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The International Space Station: Is It Worth the Cost?

By KRISTEN STERNBERG | NIE Educational Consultant

If all goes as planned, the International Space Station will be completed in the year 2006. Recently, astronaut/scientists aboard the Spaceship Endeavour installed a pair of solar wings onto the space station. These wings are designed to provide additional electrical power to the space station. A recent article in The News-Journal explains the difficult process of installing the solar wings, and adds that this pair of wings cost $600 million-and there are three more pairs still to be attached.

Ready, set...
Shuttle
The space shuttle, ready for launch. (Photo: N-J/Gregg Pachkowski)

Add to that figure the years of preparation and training and the costs associated with launching the shuttle Endeavour. Is having the International Space Station worth the billions of dollars required to build, equip and maintain it? Some feel that the benefits far outweigh the disadvantages. After all, it may lead to breakthroughs in technology, engineering and medical research. It may also have the potential to help us discover resources that are rapidly being depleted on Earth, such as minerals and fuel.

Those not in favor of the International Space Station hold that building and maintaining the space station is causing even more rapid depletion of the very resources that Earth's people should be conserving. They feel that the money spent on the Space Station would be better spent on discovering and developing alternate resources right here on Earth, or on solving some of the major problems on this planet, such as world hunger, disease and poverty. What do YOU think?

Try these fun activities using The News-Journal!

1. Scientists aboard the International Space Station have to be real team players, working together to conduct research and make discoveries that can potentially benefit all people. In your classroom or at home, look through the newspaper for articles about other situations that require people to work together as a team. Make a list of what you have found. Then, for each situation, write down how each person involved is contributing toward a solution of the problem or situation described. With friends, family or classmates, identify a problem in your home, school or community and work together to solve it. (Sunshine State Standards: SS.A.1.2.1)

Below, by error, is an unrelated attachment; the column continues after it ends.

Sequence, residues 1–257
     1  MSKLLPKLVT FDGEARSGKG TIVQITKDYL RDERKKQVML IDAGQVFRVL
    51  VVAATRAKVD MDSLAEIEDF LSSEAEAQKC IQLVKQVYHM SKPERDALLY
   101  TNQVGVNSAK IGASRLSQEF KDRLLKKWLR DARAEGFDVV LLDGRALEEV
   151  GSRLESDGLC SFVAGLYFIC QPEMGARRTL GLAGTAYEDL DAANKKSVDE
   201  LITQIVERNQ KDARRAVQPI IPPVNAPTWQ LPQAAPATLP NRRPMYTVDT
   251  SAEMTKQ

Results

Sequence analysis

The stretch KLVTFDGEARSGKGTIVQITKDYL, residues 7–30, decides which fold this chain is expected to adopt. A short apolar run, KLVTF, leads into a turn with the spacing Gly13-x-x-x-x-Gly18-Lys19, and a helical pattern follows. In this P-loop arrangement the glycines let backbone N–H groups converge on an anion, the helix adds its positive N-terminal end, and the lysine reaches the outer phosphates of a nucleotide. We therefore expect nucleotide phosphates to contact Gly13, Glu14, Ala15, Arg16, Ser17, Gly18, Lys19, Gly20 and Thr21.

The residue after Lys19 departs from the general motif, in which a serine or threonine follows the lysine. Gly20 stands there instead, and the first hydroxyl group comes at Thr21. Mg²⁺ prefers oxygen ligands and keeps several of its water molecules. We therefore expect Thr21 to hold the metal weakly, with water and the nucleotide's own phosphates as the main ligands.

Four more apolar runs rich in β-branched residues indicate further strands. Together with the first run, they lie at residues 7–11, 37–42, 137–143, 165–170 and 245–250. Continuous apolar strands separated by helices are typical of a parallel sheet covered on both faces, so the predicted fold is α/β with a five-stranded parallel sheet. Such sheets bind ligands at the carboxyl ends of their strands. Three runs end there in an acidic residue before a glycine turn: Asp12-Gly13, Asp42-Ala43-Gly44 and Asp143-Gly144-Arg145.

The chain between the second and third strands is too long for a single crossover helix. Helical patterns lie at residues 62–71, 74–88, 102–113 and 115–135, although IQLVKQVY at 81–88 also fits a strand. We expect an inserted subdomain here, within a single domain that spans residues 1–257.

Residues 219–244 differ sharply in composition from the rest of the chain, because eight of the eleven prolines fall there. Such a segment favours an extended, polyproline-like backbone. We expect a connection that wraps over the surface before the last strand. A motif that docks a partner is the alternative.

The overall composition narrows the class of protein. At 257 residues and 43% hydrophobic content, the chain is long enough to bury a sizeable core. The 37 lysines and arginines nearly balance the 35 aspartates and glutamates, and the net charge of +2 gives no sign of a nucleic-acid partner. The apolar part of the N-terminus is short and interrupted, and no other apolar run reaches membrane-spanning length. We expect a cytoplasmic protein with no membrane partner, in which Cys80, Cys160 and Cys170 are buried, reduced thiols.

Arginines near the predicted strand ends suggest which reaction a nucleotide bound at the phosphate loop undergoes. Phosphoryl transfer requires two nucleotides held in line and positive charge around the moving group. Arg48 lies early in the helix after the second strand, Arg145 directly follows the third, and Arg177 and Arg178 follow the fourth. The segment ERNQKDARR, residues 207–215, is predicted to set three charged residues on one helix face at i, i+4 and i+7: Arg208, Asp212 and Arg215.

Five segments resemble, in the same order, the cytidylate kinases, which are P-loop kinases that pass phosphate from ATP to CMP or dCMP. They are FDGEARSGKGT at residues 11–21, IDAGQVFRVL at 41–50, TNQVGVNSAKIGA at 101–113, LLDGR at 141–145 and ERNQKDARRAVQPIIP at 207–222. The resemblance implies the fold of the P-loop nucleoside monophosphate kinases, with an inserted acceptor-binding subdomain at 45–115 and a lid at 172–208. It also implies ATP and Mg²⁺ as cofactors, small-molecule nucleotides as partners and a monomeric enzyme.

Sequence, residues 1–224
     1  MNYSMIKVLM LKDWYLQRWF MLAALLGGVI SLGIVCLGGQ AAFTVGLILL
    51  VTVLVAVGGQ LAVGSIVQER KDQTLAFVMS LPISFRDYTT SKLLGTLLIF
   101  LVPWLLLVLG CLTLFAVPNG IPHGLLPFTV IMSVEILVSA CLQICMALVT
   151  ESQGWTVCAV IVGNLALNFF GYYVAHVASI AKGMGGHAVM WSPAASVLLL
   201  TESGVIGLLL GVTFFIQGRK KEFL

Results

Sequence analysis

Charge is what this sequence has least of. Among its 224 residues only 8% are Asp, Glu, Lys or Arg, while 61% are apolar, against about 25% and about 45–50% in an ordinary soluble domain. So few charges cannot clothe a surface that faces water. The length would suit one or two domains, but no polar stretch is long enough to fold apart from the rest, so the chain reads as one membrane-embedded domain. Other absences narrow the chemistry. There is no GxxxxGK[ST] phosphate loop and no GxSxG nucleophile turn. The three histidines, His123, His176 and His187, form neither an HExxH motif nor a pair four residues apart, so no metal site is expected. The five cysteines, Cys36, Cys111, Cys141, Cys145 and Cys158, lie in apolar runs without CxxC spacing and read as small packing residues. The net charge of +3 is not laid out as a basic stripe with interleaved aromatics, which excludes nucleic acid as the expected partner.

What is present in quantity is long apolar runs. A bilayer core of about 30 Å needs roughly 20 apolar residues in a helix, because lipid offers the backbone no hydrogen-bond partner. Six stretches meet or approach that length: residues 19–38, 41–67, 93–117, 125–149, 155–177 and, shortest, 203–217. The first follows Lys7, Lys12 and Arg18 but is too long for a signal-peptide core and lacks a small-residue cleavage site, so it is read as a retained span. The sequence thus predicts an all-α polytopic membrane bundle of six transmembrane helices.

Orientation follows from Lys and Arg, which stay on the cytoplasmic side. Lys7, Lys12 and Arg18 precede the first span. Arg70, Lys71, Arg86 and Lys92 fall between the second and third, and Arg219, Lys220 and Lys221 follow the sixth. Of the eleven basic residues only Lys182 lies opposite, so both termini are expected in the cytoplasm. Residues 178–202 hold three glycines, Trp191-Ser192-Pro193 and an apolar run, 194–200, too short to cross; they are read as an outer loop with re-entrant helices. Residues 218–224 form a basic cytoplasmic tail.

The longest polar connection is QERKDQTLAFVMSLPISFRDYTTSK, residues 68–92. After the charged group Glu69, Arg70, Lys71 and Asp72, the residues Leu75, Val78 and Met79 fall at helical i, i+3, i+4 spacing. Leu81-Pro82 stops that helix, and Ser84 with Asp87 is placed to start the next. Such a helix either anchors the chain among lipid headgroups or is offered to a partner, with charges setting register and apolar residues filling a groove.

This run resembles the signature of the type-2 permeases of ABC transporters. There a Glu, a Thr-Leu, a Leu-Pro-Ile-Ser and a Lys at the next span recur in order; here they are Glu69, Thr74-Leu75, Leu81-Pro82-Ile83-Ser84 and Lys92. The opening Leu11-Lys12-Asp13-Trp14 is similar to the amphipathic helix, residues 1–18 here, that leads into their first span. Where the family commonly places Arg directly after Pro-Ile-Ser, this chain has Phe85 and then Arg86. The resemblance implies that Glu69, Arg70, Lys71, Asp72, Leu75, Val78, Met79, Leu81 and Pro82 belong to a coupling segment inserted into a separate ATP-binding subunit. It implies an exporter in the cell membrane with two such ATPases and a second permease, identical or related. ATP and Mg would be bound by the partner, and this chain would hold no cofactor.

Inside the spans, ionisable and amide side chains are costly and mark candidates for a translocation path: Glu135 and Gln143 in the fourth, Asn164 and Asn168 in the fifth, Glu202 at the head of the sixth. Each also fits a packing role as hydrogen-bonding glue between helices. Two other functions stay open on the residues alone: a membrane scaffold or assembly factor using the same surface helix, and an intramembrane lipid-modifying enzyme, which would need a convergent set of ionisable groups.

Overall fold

2. The solar wings installed on the International Space Station cost $600 million. Scan the newspaper for other numbers that describe how much something costs. Put the numbers in order, from smallest to largest. Then make a chart of your findings. How many of the numbers you found are less than the cost of a pair of solar wings? How many are greater? What does this suggest about the cost of the solar panels compared to the cost of other items? (Sunshine State Standards: MA.A.1.2.2, MA.2.2.1, MA.E.1.2.1., MA.E.1.2.3, MA.E.3.1.1)

3. Read The News-Journal story about the installing the solar wings at the International Space Station. Imagine you are a news anchorperson, and that you are given one minute to devote to that story on the TV news. Prepare your newscast by pulling out the most important points of the story to report on. Remember that questions reporters should answer in their stories are Who?, What?, When?, Where?, Why? and How?. Share your newscast with friends, family or classmates. (Sunshine State Standards: LA.C.3.2.3, LA.C.3.2.5; LA.D.2.2.3., LA.D.2.2.5)

4. Read an article from The News-Journal describing life aboard the International Space Station. Think about what it would be like to live there for several months. Draw pictures of what you might see as you orbit the Earth, or what you might miss the most while you were away from Earth. Be sure to display your drawings at home or at school. (Sunshine State Standards: VA.A.1.2.1, VA.B.1.2.1)

5. Pretend you are one of the astronaut/scientists who has space walked outside the International Space Station to attach the solar wings. Write a poem about what you felt during that important mission. Share our poem with a friend, family member, classmate or teacher. (Sunshine State Standards: LA.B.2.2.3, LA.B.2.2.6)

A copy of Florida's Sunshine State Standards can be found at intech2000.miamisci.org.

Check out these links to learn more:

The Discovery Online web site offers a virtual tour of the International Space Station. While you're there, check out some of the other pages the Discovery site has to offer, including a taste of what life is like inside a Russian space camp, and discoveries made through the Hubble telescope.

Look at images of the Earth, and hear sounds from outer space, at EarthStation1.

The Philadelphia Inquirer newspaper's web site has an interesting story about astronaut John Glenn and his role in space exploration. You can also look at important milestones of the space program by clicking on the timeline of events link.

Sending explorers into outer space has resulted in many advances in science and technology. Look at the following links to find some benefits that came from explorations in space, that you may not be aware of: Ski boots and solutions to overpopulation, heart pumps and Aero Nerf Gliders, blood pressure machines and braces for your teeth.

The Newspaper Association of America's web site contains links to many of our nation's and world's newspapers. Visit the site and check out some other newspapers to see if they have articles about space exploration. To access the newspapers at the site, select a state. Click on the "Internationals" button to view choices from other countries.

The Daytona Beach News-Journal NIE Program, published January 15, 2001